LAFF Society


Grantees: “Up Front and in the Center”

By Charles Bailey

Frank Thomas and I met for the first time on the tarmac at the Khartoum airport. He had just flown in from Cairo; it was early afternoon and the weather was, as it nearly always was, dry, bright and hot: 120 degrees in the shade. Frank and Kate, his wife, together with another Foundation trustee and several Ford staff, were stopping off in Sudan enroute to the August 1982 Trustees Meeting in Nairobi. 
I had arrived just six weeks earlier to join three Sudanese staff in an office overseeing grants for refugee programs, legal aid, customary law and maternal and child health run by Ann Lesch and Cynthia Myntti, program officers in Cairo. To these, John Gerhart, the Representative, charged me to add a new initiative in Land and Water Management under the banner of the Rural Poverty and Resources (RPR) Program. 
When he became president, Frank Thomas reorganized the way program staff framed and therefore thought about their grant making. He underscored the notion that staff should live and work as close as possible to those who were tackling significant challenges with Ford money. He pioneered the idea of One Foundation, where staff working on similar issues in different societies around the world could easily connect with and consult each other. 
Frank believed that grantees should be up front and in the center, captured in Ford’s characterization of itself as a “resource for innovative individuals and institutions worldwide”. And he modelled being ready with just the right words, clear, concise and low key, when the opportunity arose to speak to people in high positions of authority.
For Frank, Sudan was a test of these propositions and he wanted to see everything. We drove 120 miles south to Wad Medani, the headquarters of the Gezira Scheme, which irrigated an area half the size of Connecticut. Sudanese grantees there were examining more equitable distribution of irrigation water, as Ford grantees were already doing in India and the Philippines.  
Back in Khartoum, we invited all Ford grantees, including Hasan Al-Turabi, Sudan’s attorney general, to a reception on the terrace of a hotel overlooking the Blue Nile. I have an indelible image of Frank, impeccable in a white shirt, and the AG, impeccable in a flowing white Jelabiya and turban, standing eye to eye, speaking lawyer to lawyer. Frank is talking in a clear, concise and low key way about human rights.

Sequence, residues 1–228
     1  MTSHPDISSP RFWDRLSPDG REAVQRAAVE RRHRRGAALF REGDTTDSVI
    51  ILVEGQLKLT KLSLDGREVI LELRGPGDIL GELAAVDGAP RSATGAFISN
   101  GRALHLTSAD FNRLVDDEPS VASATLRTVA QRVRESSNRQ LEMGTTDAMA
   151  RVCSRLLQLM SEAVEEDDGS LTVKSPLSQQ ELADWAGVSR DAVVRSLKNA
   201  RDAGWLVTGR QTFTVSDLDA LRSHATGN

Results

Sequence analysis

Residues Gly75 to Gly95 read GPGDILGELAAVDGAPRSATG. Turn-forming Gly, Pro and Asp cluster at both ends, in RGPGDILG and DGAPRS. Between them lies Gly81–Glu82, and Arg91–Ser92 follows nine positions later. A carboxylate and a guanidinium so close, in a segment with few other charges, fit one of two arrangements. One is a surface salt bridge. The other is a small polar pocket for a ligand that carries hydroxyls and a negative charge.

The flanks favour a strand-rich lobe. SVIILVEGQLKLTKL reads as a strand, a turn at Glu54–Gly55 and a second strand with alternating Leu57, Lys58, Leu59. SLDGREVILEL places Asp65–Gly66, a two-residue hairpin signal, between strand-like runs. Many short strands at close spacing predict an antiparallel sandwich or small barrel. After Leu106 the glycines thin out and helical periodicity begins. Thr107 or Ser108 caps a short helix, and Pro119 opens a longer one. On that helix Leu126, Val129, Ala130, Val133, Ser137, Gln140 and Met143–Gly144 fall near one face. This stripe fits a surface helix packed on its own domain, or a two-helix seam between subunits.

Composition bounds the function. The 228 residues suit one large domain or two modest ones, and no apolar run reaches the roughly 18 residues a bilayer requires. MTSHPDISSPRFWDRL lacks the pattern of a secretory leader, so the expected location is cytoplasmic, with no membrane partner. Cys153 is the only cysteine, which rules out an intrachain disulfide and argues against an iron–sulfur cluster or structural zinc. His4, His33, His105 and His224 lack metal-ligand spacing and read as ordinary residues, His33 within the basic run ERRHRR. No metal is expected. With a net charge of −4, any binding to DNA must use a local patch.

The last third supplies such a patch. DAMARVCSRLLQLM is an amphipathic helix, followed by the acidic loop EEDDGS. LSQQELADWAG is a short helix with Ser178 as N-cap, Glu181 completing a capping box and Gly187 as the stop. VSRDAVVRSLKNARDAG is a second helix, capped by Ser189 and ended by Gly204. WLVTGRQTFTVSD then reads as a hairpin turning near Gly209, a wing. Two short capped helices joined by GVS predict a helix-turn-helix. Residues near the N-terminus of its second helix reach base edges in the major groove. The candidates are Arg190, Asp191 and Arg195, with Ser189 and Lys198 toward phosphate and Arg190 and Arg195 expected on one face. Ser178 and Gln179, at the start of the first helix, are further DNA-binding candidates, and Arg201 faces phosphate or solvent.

Fourteen years later, staff and trustees are in Cape Town for a Trustees Meeting, Frank’s last as president. He went around the large table speaking quietly to each person. When he got to me I said, “Frank, I never felt any limitations at Ford except my own. Thank you for that.” “Charles,” he said and, smiling, briefly bowed his head.  
But perhaps my best memory of Frank was the first meeting of RPR staff worldwide, in Cairo in 1984. After dinner on a boat on the Nile we danced. Frank was by far the best dancer of all, supple and perfectly matched to the beat. We stopped and someone said, “Wow, what a dancer!” Frank replied, eyes twinkling, “Well, you learn things hanging out on street corners.” 
Charles Bailey, now an advisor on the effects of Agent Orange in Vietnam, worked at the Foundation from 1972 to 1976 and again from 1982 to 2011 in several overseas offices and at Ford’s headquarters in New York City. 
LAFF Remembers Franklin Thomas: Co-Presidents’ Reflections by Suzanne Siskel and Betsy Campbell 
He Left the World a Better Place by Susan Berresford
A Man of “Vision, Tenacity and Dignity” by Barron “Buzz” Tenny
“A True Humanitarian” by Shepard Forman
From the Class of ’92: “We worked for Frank” by Radhika Balakrishnan, Mahnaz Ispahani Bartos, Natalia Kanem, Anthony Romero and Marcia Smith



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